“It’s a blessing to be named even in the same category as Blake Griffin,” Robinson said. “For that to happen, I’m glad all the hard work is paying off.”
Robinson did find some similarities between them besides being Big 12 Player of the Year.
“That man jumps out the gym. He looks like a superhero when he takes off,” Robinson said. “But we both try to be aggressive. He knows what he does well. I feel the same way. I know what I do well.”
Joining Robinson on the first team wereJared Sullinger of Ohio State, the first repeat All-America in three years, freshman Anthony Davis of Kentucky,Draymond Green of Michigan State andDoug McDermott of Creighton.
Davis received 63 first-team votes while Green, the lone senior on the team, got 53. Sullinger had 30, one more than McDermott. The voting was done before the NCAA tournament.
Robinson received nationwide support as a sophomore when he lost his mother, grandmother and grandfather in a three-week period. He not only became a starter this season, he became a star.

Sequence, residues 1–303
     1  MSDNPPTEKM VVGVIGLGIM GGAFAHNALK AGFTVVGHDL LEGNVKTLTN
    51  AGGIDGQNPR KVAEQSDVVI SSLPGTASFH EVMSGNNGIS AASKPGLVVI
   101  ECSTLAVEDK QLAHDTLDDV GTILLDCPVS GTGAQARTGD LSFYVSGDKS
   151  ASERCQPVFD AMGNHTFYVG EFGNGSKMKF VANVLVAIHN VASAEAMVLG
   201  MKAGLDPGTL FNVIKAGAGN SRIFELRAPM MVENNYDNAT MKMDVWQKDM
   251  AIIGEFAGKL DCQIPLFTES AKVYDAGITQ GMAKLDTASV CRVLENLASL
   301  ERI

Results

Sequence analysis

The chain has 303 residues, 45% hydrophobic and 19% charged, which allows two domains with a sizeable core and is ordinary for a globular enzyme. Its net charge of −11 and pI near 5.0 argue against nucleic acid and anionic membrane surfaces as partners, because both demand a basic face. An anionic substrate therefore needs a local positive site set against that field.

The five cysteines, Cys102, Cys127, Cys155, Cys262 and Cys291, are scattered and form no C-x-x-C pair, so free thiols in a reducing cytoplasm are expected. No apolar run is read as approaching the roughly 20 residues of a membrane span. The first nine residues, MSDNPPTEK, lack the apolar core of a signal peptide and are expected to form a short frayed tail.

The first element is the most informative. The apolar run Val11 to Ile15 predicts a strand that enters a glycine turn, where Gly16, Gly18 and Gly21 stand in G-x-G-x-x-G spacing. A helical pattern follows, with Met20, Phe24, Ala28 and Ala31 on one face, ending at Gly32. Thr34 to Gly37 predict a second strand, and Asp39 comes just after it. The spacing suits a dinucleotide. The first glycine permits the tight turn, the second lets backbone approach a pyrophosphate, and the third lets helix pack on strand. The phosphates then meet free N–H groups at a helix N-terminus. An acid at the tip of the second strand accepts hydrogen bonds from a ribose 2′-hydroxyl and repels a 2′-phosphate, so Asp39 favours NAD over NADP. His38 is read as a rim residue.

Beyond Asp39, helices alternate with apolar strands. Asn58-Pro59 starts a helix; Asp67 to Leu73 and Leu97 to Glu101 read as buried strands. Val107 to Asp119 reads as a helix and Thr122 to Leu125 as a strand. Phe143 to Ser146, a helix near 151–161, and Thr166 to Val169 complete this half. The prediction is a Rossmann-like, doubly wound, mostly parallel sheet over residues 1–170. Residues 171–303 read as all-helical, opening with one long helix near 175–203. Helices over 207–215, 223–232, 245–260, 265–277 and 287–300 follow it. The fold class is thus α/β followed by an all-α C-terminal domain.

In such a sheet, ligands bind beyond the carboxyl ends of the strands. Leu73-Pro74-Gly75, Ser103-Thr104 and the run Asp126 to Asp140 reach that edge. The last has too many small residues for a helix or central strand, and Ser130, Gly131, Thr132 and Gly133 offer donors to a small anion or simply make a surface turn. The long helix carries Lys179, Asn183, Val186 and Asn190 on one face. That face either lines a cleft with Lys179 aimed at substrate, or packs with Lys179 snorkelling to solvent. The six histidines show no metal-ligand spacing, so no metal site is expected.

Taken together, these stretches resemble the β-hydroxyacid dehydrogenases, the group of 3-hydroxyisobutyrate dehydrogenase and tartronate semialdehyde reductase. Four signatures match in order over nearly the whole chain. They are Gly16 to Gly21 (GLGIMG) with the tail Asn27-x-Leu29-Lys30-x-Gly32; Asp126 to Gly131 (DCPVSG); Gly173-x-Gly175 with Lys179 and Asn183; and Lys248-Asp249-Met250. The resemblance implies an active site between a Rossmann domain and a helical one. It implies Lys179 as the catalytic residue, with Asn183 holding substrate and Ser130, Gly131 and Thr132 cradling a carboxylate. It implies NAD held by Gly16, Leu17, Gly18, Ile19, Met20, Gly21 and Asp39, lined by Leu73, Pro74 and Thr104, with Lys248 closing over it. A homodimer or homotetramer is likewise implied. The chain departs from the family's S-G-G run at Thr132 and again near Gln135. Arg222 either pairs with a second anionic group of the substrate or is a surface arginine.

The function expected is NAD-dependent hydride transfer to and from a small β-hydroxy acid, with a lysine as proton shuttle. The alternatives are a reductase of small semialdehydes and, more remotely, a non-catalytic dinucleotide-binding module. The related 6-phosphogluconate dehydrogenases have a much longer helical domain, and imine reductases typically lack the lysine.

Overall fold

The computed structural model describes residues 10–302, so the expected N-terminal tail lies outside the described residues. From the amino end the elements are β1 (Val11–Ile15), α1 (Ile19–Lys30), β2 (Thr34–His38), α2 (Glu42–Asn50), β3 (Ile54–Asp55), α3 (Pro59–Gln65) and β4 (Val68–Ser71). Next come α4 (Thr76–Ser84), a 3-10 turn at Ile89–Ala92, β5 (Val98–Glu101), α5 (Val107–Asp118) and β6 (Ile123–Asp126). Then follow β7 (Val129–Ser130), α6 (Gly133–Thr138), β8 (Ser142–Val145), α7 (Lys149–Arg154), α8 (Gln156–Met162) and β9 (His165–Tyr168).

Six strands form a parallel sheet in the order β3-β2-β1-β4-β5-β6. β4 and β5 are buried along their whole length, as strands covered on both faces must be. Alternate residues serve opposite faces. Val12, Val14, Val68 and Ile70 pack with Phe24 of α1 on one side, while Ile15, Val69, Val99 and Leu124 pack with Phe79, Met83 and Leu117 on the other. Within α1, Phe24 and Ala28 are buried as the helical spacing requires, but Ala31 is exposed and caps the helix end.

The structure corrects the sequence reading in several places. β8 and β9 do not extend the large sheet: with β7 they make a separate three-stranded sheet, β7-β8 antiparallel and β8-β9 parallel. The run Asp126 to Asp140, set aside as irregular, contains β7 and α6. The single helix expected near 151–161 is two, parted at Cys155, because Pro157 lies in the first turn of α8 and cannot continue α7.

“It’s an unbelievable honor for a kid that came as a semi-highly recruited guy, played seven minutes as a freshman, 10 minutes as a sophomore, endured the tragedies he’s had and then somehow made so many sacrifices, not only for the betterment of himself but the betterment of all of us,” Kansas coach Bill Self said. “To be unanimous, it’s just something that blows me away.”
Robinson is Kansas’ first All-America since Wayne Simien in 2005.
The 6-9 Sullinger, who was selected Most Outstanding Player of the East Regional as he led the Buckeyes to the Final Four, is the first repeat All-America since North Carolina’s Tyler Hansbrough in 2009.
“It means a lot when your name is with Tyler Hansbrough, Psycho T. He was a great basketball player,” Sullinger said with a big smile as he used Hansbrough’s nickname. “It means a lot. I think it’s a credit to my teammates.”
Sullinger, the first player to repeat as a freshman and sophomore since Chris Jackson of LSU in 1989 and 1990, averaged 17.6 points and 9.3 rebounds while shooting 53.9 percent from the field. He is the fourth Ohio State player to repeat joining Jerry Lucas, Robin Freeman and Garry Bradds. Buckeyes coach Thad Matta said it’s no surprise Sullinger has already sealed a place in the history of the program.